I often miss my two BMWs from the UK which were both beautiful to look at and drive. Instead I now chug around in our ‘practical’ Fiat Doblo without worrying about bumps and scratches in these tiny narrow streets in which we live. They weren’t designed with cars in mind.
In fact I had a telephone call from a DHL delivery driver the other day. I had to go and meet him by the main road and collect my parcel from him as he couldn’t get his lorry anywhere closer to the house.
It’s a simple fact that unless you have a garage here your car will be damaged. Since buying the Doblo earlier in the year it has suffered one or two little scrapes, which we have accepted as part of life here, but my own stupidity has resulted in a relationship with a local mechanic that has developed more quickly than I would have liked. Mario and I are now on first name terms owing to the fact that I have had to take the Doblo to his workshop so many times.
When the oil warning light came on I naively presumed that oil was required so promptly poured a litre into the engine without checking the level. Surprise surprise, the oil light remained on. The word ‘dipstick’ comes to mind. This prompted my first meeting with Mario who shook his head at me and huffed and tutted in a way that convinced me I was going to be paying him a lot of money. “Very bad, very bad” are virtually the only two words of English that he knows.
Two days later I was able to collect the car and pay accordingly. I was on a tight schedule as I had promised a friend to move house that day so I was relieved not to be letting him down. Handy cars these Fiat Doblos. After one session of furniture moving it was time to go back to reload the car. Manoeuvring cautiously backwards through the underground car park I was suddenly acutely aware of the inordinate amount of concrete support pillars around me. With another car waiting to enter my area of the car park I started to feel a little flustered as I inched this way and that to try and turn around. Then ‘BANG!!’ A sound like a gunshot behind me and glass everywhere. Although I had cleared a pillar in my wing mirror whilst reversing, I hadn’t seen the fire extinguisher mounted on its side which had popped the window behind me. Embarrassed and annoyed at myself we managed to move another load of household items before I had to face Mario for the second time that day. With his arms plastered in oil as he worked on another car he was obviously surprised to see me, and could have done without being disturbed by this idiotic Englishman. To his credit he cleaned himself up and arranged for the replacement window to be delivered, and on the following day I was able to pay him some more money and collect the car. He was also provided with a selection of beers by way of gratitude for his speedy work.
The car has been back twice since then. The engine management light came on whilst I was away leaving Selena carless. New battery required. More recently it’s had rather more expensive work done before the MOT which is due in January. I’m hoping that I don’t have to see Mario again anytime soon.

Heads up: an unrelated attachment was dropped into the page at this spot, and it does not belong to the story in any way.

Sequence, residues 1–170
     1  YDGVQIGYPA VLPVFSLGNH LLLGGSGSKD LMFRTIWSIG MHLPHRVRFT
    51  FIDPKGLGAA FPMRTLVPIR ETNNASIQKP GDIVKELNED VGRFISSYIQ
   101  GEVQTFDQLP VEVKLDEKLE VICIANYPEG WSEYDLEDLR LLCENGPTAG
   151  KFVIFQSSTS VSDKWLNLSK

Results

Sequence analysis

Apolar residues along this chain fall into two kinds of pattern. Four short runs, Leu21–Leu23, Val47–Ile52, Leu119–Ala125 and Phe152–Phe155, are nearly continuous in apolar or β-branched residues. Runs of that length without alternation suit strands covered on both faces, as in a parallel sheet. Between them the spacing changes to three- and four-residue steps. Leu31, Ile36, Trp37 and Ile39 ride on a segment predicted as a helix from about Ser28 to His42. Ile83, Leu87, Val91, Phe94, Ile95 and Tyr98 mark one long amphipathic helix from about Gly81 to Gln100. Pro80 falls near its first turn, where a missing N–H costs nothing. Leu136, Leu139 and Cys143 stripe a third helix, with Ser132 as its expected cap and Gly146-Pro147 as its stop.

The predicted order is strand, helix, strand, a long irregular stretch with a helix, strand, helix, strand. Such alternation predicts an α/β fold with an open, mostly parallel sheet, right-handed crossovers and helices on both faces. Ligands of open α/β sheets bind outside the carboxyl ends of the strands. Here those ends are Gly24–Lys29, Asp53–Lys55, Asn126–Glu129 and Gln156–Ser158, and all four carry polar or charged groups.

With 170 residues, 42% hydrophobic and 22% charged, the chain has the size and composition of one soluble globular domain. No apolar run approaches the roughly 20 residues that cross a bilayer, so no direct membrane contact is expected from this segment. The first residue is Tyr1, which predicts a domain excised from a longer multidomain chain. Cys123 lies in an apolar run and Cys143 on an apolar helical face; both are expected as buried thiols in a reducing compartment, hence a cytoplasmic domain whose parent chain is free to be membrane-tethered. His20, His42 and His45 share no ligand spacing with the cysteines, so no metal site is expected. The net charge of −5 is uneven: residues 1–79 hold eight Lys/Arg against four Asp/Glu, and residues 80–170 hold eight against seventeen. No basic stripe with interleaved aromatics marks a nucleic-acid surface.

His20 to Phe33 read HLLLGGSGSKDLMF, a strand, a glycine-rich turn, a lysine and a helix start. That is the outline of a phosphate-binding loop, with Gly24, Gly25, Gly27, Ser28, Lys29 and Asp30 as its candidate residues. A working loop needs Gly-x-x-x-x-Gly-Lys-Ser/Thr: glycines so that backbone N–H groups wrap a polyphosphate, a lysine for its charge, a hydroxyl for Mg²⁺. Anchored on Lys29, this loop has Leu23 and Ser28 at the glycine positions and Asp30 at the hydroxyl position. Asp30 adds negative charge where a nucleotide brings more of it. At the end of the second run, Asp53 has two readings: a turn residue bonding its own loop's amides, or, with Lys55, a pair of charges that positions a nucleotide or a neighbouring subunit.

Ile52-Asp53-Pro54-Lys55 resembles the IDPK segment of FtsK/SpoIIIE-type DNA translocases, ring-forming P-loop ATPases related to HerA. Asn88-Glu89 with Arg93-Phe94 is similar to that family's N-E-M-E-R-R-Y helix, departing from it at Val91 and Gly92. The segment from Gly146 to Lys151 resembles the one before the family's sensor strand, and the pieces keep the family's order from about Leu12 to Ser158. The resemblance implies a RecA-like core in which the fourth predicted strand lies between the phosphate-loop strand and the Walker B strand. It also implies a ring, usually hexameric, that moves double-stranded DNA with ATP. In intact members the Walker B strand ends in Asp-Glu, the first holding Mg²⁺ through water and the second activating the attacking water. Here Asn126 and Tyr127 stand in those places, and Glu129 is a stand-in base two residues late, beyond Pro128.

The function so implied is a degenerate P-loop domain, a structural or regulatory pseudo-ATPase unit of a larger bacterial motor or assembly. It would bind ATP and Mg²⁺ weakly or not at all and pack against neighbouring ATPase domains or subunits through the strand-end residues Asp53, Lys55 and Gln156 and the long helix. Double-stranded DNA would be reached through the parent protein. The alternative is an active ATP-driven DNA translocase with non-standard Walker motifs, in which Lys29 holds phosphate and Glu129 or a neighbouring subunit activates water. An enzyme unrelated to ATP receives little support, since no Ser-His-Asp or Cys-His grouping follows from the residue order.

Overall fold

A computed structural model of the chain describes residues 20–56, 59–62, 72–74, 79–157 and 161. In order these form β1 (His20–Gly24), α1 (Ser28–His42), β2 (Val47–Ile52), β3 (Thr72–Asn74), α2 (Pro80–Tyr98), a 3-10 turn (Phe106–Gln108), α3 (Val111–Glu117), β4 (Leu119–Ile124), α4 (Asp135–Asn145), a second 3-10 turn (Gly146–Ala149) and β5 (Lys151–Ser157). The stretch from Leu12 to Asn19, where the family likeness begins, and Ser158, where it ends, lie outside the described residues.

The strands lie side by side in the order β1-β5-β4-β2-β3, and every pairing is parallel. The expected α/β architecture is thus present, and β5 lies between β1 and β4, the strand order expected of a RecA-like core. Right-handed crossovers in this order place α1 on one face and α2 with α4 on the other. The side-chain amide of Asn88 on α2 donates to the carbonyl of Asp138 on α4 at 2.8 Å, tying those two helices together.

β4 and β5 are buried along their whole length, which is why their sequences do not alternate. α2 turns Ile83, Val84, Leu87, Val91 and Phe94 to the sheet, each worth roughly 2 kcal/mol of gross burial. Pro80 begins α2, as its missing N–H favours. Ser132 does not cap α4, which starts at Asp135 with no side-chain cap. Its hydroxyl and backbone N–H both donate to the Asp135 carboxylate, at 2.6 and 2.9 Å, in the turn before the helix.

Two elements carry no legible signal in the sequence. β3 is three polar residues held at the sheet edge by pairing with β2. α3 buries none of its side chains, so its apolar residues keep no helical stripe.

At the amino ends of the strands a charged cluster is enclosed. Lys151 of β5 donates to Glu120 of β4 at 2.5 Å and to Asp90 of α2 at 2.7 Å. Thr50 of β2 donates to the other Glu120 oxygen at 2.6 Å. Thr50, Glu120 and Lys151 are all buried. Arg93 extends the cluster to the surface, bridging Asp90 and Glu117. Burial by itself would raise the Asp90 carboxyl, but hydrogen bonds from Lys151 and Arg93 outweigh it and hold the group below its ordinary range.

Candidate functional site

Interestingly the cars are insured here rather than the drivers, which means that anybody over 25 years old can drive any car. So if anybody wants to take the Doblo for a spin just ask.
With parking and access to the house here being troublesome we seem to have alleviated that problem for the future. We are in the process of buying a house, and having spent many months exploring and considering the options, we have decided to move out of El Puig. We will miss the social side of life in the village, and having bars and shops on our doorstep, but we are moving only a few kilometres away. Our new home will provide more outside space and ample parking. Things are not yet finalised but we hope to see it all go through in the next few weeks.
We had started the buying process just before we went back to the UK for the summer, so we weren’t in a position to make much progress during that time. If all goes to plan we will be able to move during November before another UK trip at Christmas time.
The five week summer holiday back in England was very special. We met up with Selena’s family in the Lake District for two weeks and spent many days walking in the mountains and enjoying English ales and food. Lizzy was delighted to have her cousin around every day and she continued to surprise us with her willingness to walk and climb.
A bumpy flight from Manchester to Newquay reunited us with my Cornish family for a relaxing few weeks during which we managed several beach days and swims in the ice cold sea.
We wondered how we would feel about being back in England for such a long time. Most Spaniards escape the heat of August by heading north or abroad, but would we feel like we were coming home or going away again?
Reassuringly we both felt like we were coming home. Although we had only been in Spain for a year it felt like home. Our own surroundings, our own belongings, despite being far from friends and family, it’s surprising what ‘home’ can mean.
Why do we feel so at home in a foreign land? I don’t know. We are still persevering and struggling with the language, but obviously appreciate the weather, beaches and mountains. Plus we’ve had plenty of visitors too, which helps. We will have to see if we feel the same way in our new home. There’s much work to be done, which will keep me occupied, and the next phase of our adventure will be trying to turn that house into a home that we are proud to share with our families and friends.